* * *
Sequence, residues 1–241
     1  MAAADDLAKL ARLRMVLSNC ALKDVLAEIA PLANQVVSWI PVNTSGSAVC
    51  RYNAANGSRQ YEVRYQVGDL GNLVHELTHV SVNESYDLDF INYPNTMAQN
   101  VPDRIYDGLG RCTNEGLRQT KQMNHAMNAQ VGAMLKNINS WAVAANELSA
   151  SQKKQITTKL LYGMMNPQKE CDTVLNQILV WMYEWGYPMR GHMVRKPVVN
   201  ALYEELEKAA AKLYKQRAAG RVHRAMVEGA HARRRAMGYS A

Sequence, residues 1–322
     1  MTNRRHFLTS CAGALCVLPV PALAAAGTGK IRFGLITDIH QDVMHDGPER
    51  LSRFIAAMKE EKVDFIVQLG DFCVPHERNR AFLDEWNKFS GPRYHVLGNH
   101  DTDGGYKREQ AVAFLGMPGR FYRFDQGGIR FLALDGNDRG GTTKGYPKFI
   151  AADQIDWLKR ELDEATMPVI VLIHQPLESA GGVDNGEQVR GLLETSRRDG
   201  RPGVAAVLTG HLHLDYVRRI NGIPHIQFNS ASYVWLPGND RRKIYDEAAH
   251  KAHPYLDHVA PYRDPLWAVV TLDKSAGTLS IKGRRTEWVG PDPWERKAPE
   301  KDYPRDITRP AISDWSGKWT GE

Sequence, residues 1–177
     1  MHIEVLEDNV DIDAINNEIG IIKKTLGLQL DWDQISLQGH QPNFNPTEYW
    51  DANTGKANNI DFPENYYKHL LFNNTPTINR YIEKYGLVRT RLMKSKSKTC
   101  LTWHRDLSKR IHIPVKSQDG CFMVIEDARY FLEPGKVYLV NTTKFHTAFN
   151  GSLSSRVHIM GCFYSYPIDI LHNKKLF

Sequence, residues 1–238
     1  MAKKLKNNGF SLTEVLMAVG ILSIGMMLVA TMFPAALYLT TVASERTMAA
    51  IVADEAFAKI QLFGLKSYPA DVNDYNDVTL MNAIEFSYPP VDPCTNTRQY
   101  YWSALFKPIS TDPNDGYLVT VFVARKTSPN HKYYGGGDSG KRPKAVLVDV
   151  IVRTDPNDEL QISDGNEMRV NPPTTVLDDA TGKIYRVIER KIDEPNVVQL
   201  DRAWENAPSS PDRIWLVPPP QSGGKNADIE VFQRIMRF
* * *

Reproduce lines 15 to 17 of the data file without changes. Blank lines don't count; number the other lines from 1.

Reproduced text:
Sequence, residues 1–177
     1  MHIEVLEDNV DIDAINNEIG IIKKTLGLQL DWDQISLQGH QPNFNPTEYW
    51  DANTGKANNI DFPENYYKHL LFNNTPTINR YIEKYGLVRT RLMKSKSKTC